Roger Federer is the most successful professional men's tennis player in the history of the sport.
During the 2013 season, however, Federer has hit a steady decline, winning just one title and moving closer to finishing the year without a Grand Slam championship.
Fortunately for Federer, his path to the quarterfinals is clear at the 2013 U.S. Open.
Federer has won a men's record 17 Grand Slam events, three more than Pete Sampras, who ranks second. That includes five consecutive U.S. Open titles from 2004 to 2008, helping to solidify his status as the greatest to ever do it.
In 2013, however, Federer has hit a low that no one expected to see.
Roger Federer fell from 5th to 7th in ATP Tour rankings. He's outside Top 5 for first time since Feb. 10, 2003 when he was ranked 6th— ESPN Stats & Info (@ESPNStatsInfo) August 19, 2013
Shocking would be an understatement.
Federer is more than capable of bouncing back and recovering with an extraordinary performance at the U.S. Open. Even with a seeding of No. 7, Federer has a clear path to the quarterfinals, where he'd potentially face Rafael Nadal.
Plain and simple, there just aren't any players who can be considered as more than long shots to take down the great one.
Ranked Players & Notable Opponents
Prior to the quarterfinals of the 2013 U.S. Open, only three players are ranked besides Federer. Those players are No. 11 Kei Nishikori of Japan, No. 19 Tommy Robredo of Spain and No. 26 Sam Querrey of the United States of America.
Other notable players in Federer's half of the bracket include Robin Haase of Netherlands and Bernard Tomic of Australia.
How far will Roger Federer go at the 2013 U.S. Open?
Robredo and Querrey are two of the more respected veterans on the tour, but neither is viewed in the same light as Federer. Even on his worst day, Federer is one of the most precise players in the world, and both Robredo and Querrey defeating him would be considered a massive upset.
Haase is also a veteran, and has been successful in recent weeks, but he's No. 59 in the world.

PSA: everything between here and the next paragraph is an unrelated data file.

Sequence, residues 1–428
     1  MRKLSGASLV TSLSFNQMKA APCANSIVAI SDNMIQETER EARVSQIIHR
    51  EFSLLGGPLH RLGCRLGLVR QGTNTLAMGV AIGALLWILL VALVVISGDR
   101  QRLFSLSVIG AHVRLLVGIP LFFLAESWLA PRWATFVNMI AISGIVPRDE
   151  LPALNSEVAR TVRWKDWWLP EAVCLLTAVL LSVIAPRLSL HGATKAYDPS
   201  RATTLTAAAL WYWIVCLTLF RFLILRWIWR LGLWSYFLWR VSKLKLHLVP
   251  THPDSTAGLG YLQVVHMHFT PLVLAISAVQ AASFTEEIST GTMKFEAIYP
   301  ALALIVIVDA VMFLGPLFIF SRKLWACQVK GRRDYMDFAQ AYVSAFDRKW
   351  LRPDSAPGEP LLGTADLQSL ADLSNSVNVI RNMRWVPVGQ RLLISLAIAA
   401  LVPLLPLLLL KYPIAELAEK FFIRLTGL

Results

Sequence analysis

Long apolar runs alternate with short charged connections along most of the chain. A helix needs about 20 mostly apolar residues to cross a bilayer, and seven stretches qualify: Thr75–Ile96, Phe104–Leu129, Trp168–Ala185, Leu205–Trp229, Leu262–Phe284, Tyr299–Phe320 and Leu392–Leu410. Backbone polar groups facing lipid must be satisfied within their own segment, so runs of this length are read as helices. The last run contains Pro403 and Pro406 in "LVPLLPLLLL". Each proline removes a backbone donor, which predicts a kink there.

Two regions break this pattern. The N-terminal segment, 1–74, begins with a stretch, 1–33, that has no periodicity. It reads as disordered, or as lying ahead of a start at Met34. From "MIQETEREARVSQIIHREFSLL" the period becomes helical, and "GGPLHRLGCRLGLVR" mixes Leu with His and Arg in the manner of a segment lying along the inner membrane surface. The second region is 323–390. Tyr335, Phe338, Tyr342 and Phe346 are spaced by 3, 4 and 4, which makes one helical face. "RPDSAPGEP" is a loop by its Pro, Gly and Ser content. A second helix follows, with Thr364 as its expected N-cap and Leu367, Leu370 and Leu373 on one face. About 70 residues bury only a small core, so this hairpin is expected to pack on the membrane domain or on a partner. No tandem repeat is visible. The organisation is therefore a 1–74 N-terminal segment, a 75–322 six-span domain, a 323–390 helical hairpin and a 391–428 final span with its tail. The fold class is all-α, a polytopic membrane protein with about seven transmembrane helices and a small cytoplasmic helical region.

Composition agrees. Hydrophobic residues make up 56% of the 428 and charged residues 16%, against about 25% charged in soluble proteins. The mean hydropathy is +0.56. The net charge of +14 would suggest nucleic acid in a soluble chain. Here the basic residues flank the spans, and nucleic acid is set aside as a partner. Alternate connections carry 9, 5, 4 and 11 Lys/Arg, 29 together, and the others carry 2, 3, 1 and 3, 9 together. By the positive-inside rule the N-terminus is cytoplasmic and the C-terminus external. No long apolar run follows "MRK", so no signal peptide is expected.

Nishikori and Tomic as players worth watching, as they're viewed as two of the best up-and-coming players. Nishikori, 23, is currently ranked No. 12 in the world, while Tomic, 22, is No. 52, but viewed as a true rising star.
Upside or not, Federer remains one of the true elite.
Losing to any of the players in his bracket would be a stunning turn of events, especially after his legendary performances in years gone by.
Advancing further than the quarterfinals at Flushing Meadows is another topic of conversation, but Federer is still a favorite.
Federer has won five U.S. Open championships, achieving glory in every season from 2004 to 2008. Since then, Federer has made four consecutive appearances in the quarterfinals, three in the semifinals and one in the final.
Don't count on Federer laying a second consecutive egg after a second round exit at Wimbledon.
When Federer lost in the second round of the 2013 Wimbledon, it was the first time he'd exited before the quarterfinals of a Grand Slam since the 2004 French Open. The last time Federer faced consecutive defeats before the quarterfinals of a Grand Slam was 2003.
Ten years later, we're inclined to believe Federer is too wise to commit the same mistakes twice.
Federer has something to prove in New York, needing to establish himself as a remaining elite in tennis. With many questioning whether or not he's a legitimate threat at 32, Federer will not take any opponent lightly.
The only question now is whether or not we'll be granted a Federer versus Nadal rematch in the U.S. Open quarterfinals.